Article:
Spirit of Mass Horse Race

A trotter competes in the Spirit of Massachusetts harness race at Plainridge Park in Plainville in 2017.

PLAINVILLE — The agency overseeing the state’s evolving gambling industry is doing a generally good job, but it needs better collaboration on issues facing horse racing, including Plainridge on Route 1.

That was the conclusion of a report issued Thursday by State Auditor Suzanne Bump.

She said “no defficincies were found” in the examination of records of the Massachusetts Gaming Commission from July 1, 2018 through March 31, 2020 in its monitoring of problem gamblers and individuals listed on gaming exclusion lists.

The commission administers both voluntary and non-voluntary gambling exclusion lists that prohibit the individuals on those lists from playing at the state’s casinos. There were 648 people on the voluntary list and 31 on the non-voluntary list.

However, the auditor said in a statement that the commission needed to improve its administration of the Race Horse Development Fund, which the helps pay for benefits for race industry workers.

“Through recent expansions of casino gambling and the closure of Suffolk Downs race track in 2019, the Commonwealth’s gaming and horse racing industries have changed,” the auditor said.

With the closing of Suffolk, there are no more thoroughbred races run in Massachusetts. That means, the auditor said, under a state law that says the funds can only be used for races held in the state, the fund has an unspent balance of more than $16.8 million.

“While MGC has done a noteworthy job managing the state’s emerging gaming industry, our audit makes clear the commission should bring all relevant stakeholders to the table to consider the Race Horse Development Fund’s most effective use,” Bump said. “This consultation and collaborative effort would enhance oversight of the fund, and would benefit breeders, owners, and the industry as a whole.”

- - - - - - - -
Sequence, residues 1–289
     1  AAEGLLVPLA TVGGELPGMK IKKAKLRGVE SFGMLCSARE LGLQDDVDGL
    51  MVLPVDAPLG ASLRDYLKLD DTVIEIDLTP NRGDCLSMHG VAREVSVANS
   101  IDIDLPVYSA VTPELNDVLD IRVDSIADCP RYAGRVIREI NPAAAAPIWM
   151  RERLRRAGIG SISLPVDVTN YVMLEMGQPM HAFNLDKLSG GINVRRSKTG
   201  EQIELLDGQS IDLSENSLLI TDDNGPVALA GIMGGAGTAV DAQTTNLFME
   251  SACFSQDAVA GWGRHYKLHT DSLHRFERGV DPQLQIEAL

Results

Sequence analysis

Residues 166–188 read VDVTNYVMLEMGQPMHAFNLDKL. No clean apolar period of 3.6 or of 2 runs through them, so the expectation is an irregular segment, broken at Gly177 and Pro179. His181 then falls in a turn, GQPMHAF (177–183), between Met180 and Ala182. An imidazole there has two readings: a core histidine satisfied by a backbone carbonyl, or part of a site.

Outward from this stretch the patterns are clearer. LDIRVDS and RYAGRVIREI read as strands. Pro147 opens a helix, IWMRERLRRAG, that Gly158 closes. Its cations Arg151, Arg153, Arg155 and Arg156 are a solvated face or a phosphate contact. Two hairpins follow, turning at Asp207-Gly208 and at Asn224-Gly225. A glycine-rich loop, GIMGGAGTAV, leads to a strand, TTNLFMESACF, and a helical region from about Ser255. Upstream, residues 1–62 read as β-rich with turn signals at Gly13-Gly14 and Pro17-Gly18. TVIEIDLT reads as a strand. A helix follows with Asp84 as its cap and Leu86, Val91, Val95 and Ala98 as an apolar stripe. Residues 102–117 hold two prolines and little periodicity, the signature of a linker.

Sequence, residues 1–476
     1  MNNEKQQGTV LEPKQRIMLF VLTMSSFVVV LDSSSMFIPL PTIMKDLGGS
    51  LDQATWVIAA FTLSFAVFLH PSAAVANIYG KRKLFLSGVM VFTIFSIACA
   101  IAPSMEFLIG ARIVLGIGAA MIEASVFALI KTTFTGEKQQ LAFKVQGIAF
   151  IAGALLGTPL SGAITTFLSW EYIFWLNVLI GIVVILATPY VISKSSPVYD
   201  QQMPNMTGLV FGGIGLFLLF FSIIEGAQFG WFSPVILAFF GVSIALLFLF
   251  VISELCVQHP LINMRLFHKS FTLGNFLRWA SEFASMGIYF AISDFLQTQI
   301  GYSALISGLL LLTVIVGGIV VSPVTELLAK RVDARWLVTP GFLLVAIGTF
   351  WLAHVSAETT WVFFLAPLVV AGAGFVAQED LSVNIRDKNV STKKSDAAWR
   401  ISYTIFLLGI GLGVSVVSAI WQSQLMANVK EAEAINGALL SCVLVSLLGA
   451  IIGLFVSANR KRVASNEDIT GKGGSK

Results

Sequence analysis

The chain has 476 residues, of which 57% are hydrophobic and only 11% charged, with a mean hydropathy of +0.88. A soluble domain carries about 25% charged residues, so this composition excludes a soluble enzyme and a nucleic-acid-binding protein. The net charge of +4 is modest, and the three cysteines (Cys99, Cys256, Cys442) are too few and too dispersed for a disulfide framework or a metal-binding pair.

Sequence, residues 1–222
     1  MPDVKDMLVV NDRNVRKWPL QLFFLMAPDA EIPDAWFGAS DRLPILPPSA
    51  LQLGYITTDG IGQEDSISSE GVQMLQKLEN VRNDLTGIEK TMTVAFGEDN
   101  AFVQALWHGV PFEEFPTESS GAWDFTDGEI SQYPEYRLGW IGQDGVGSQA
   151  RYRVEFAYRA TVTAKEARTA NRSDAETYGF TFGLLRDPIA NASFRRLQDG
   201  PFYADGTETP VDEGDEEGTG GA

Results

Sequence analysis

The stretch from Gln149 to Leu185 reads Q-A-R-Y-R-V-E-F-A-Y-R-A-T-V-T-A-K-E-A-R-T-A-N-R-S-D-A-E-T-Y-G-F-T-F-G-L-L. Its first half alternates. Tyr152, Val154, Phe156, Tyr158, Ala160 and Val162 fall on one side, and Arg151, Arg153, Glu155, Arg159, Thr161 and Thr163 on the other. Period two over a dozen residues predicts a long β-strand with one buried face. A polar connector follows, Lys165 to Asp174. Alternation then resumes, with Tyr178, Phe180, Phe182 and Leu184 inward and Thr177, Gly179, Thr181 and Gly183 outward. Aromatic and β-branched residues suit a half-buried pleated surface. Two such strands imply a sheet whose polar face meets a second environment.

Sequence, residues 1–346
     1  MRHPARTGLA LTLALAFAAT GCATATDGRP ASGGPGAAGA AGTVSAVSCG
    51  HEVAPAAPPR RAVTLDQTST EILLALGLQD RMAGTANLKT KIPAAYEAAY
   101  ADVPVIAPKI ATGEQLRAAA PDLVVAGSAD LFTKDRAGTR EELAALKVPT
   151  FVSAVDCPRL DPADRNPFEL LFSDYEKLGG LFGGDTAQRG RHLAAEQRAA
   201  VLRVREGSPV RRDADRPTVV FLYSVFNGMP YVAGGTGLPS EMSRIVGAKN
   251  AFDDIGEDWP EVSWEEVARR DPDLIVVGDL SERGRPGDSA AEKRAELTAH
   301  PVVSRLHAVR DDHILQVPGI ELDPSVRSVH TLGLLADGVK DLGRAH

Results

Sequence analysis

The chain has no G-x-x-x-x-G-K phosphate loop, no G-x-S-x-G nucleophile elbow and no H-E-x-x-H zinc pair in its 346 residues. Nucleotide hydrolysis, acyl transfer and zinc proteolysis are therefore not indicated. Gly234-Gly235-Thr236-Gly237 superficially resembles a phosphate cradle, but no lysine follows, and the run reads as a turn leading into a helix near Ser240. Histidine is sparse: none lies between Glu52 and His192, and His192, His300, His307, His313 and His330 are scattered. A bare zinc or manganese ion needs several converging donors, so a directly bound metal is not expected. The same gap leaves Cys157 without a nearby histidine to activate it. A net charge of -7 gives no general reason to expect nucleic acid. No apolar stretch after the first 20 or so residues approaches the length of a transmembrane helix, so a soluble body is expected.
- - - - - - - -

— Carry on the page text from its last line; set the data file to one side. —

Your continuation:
She’s urging the commission to consult with horse breeders and state officials on how the funds can be better used.

In response, the gaming commission noted it has worked with breeders to make adjustments to the split between thoroughbred racers and standardbred racing — the harness racing that takes place at Plainridge — to limit the accumulating balance in the fund. In the current fiscal year, the split is 92 percent standardbred and 8 percent thoroughbred.

The gaming commission is trying to change legislation on the use of the racehorse development fund.

“The MGC has filed legislation in the past that is relevant to this issue and we understand that there are currently bills under consideration in the Legislature, including an omnibus package. We stand ready to work with the Legislature on this issue,” the commission said in a statement.

Tom Reilly can be reached at 508-236-0332 or treilly@thesunchronicle.com. Follow him on Twitter @Tomreillynews.

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